Dropping Schrödinger’s Cat Into a Black Hole

Combining gravity with the process that transforms the fuzzy uncertainty of the quantum realm into the definite classical world we see around us could lead to a theory of quantum gravity.

FQXi Awardees: Raphael Bousso

May 5, 2016

Google the phrase "What happened" and you get some 530 million results. Humans, it seems, are pathologically curious. Raphael Bousso is no different—except he has a physicist’s penchant for precision. He wants to quantify just how much "happened" within a region of spacetime.That goal is tougher than it sounds because when physicists usually attempt this feat, their quantum calculations tell them that an infinite amount of stuff happens within every tiny portion of spacetime—even though common sense tells them this is nonsense. So now Bousso, at the University of California, Berkeley, is trying to use gravity to tame those unwieldy quantum equations, potentially leading to a theory of quantum gravity, which could in turn help explain the physics of the early cosmos and black holes.

"We want to know how to describe our universe, we want to know how did that start," says Bousso. His work is even more pressing since the LIGO collaboration announced the first detection of gravitational waves—ripples through spacetime that were set off when two black holes collided—in February 2016. "What happens inside the black holes that we now know happily merge somewhere far away and make gravitational waves?" Bousso asks.

As the world evolves it branches into a monstrous network of entanglement

- Leonard Susskind

It’s often said that this superposition only collapses once the box is opened and someone peers inside, sealing the precarious feline’s fate. But it’s not quite that simple. In the 1980s, physicist and FQXi member Wojciech Zurek, now at Los Alamos National Laboratory in New Mexico, and others suggested that superpositions can be snapped if the quantum object—in this case, the cat—interacts with the environment, without the need for a conscious observer. It turns out that just a few photons of heat jostling the cat are enough to do the job. This process is called "quantum decoherence." But what exactly happens in the box is still something of a mystery, and one with which Bousso is now grappling.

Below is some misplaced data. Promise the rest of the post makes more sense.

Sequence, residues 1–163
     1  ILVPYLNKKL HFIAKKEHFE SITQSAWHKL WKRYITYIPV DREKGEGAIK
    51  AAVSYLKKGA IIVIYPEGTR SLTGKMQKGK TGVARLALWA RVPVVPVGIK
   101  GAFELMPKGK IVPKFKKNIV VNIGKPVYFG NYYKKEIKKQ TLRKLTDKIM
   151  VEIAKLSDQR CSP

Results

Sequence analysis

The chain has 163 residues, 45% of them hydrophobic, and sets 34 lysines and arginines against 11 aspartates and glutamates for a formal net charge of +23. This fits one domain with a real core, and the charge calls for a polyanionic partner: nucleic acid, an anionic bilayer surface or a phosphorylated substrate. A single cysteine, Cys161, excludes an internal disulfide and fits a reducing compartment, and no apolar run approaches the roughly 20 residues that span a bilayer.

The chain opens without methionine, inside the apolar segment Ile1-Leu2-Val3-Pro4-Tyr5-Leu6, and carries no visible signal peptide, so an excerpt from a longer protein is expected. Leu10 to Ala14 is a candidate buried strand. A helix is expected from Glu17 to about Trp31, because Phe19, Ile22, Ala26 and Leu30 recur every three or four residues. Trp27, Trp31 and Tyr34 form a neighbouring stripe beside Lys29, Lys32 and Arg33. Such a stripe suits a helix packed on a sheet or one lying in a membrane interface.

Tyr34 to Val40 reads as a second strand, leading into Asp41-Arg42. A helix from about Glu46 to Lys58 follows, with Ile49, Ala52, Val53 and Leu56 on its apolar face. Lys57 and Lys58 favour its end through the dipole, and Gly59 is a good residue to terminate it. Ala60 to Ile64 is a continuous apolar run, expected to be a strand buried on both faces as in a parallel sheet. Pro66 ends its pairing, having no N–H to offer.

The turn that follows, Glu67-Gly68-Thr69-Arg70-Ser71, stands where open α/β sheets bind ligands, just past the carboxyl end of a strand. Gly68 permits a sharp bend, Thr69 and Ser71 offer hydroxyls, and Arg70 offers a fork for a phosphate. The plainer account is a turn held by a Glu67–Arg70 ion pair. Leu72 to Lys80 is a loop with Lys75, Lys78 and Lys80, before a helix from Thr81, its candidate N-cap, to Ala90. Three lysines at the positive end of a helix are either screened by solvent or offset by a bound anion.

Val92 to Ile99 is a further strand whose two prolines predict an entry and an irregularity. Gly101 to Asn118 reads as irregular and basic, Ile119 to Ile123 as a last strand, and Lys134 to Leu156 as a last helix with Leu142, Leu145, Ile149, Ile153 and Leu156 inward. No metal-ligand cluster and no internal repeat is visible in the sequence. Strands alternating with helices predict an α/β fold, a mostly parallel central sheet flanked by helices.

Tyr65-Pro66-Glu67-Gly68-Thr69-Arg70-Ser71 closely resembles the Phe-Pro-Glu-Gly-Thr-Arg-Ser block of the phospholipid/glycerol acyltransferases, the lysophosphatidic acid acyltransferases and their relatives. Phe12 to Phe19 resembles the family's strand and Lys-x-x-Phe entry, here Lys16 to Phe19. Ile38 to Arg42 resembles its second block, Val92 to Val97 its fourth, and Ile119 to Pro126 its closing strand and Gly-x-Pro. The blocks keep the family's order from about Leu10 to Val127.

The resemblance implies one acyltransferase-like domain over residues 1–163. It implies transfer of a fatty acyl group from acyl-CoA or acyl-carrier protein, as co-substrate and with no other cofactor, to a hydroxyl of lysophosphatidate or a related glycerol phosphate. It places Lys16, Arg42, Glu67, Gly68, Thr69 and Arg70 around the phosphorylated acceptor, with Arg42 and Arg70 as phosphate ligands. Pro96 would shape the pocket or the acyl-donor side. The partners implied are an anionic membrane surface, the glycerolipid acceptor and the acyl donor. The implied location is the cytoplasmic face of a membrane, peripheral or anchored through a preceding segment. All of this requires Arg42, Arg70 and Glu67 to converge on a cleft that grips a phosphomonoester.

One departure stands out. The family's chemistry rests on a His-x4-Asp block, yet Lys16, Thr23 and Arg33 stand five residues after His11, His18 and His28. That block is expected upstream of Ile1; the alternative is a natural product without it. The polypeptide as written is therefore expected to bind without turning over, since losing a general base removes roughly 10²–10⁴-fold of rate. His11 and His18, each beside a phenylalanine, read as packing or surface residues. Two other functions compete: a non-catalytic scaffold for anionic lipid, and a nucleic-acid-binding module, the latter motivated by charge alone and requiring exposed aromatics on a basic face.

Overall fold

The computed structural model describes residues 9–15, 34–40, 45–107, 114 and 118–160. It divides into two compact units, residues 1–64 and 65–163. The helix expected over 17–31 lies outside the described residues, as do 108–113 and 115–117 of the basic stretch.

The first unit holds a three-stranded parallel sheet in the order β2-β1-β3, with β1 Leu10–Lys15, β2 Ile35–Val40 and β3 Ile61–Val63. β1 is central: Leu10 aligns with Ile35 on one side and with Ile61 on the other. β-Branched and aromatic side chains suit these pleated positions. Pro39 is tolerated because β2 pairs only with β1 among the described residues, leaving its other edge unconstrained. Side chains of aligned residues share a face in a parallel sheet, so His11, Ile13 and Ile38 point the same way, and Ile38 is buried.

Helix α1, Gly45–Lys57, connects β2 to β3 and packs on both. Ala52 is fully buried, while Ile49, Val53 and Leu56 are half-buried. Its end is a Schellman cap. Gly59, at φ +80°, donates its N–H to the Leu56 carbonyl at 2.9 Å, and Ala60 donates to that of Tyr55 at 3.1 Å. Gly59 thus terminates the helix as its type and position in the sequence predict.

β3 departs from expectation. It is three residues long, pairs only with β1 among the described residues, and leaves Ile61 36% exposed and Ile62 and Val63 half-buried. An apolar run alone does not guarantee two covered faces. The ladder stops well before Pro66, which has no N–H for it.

To this end, and with the aid of an FQXi grant of over $140,000, Bousso is now examining a quantity that changes during decoherence called "entanglement entropy." This provides a mathematical measure of how strongly regions within a quantum system—say Schrödinger’s boxed cat—are connected to, and interact with, regions in the system’s environment.

Massaging Infinity

The calculations are tricky because when you try to conscientiously add up all the connections between the regions inside and outside the system in question, the answer hits infinity—because you can divide up the spacetime on either side of the boundary a countless number of times. But physicists have worked out ways to massage away these infinities in situations where gravity is extremely weak, allowing them to get sensible answers for the level of entanglement entropy and, hence, decoherence.

Heart of Darkness

What would happen to a cat, or anything else, that fell into a black hole?

Credit: NASA/JPL-Caltech

Bousso is now investigating whether taken together entanglement entropy and gravitational entropy can be used to quantify how much happens in cosmological settings, without giving ridiculous, infinite answers. For Bousso, this isn’t just about imagining ever more gruesome deaths of pets, but about understanding black hole physics, in general, and potentially even developing a theory of quantum gravity.

Leonard Susskind, an FQXi member and physicist at Stanford University, in Palo Alto, California, is impressed by Bousso’s approach. "As the world evolves it branches into a monstrous network of entanglement," he says. "I strongly applaud Bousso’s bold attempt to quantify this network." Though Susskind adds that entanglement may not turn out to be the only ingredient necessary to quantify what happens, it is certainly an important one. "It will surely lead to new insights into gravity and quantum mechanics," says Susskind.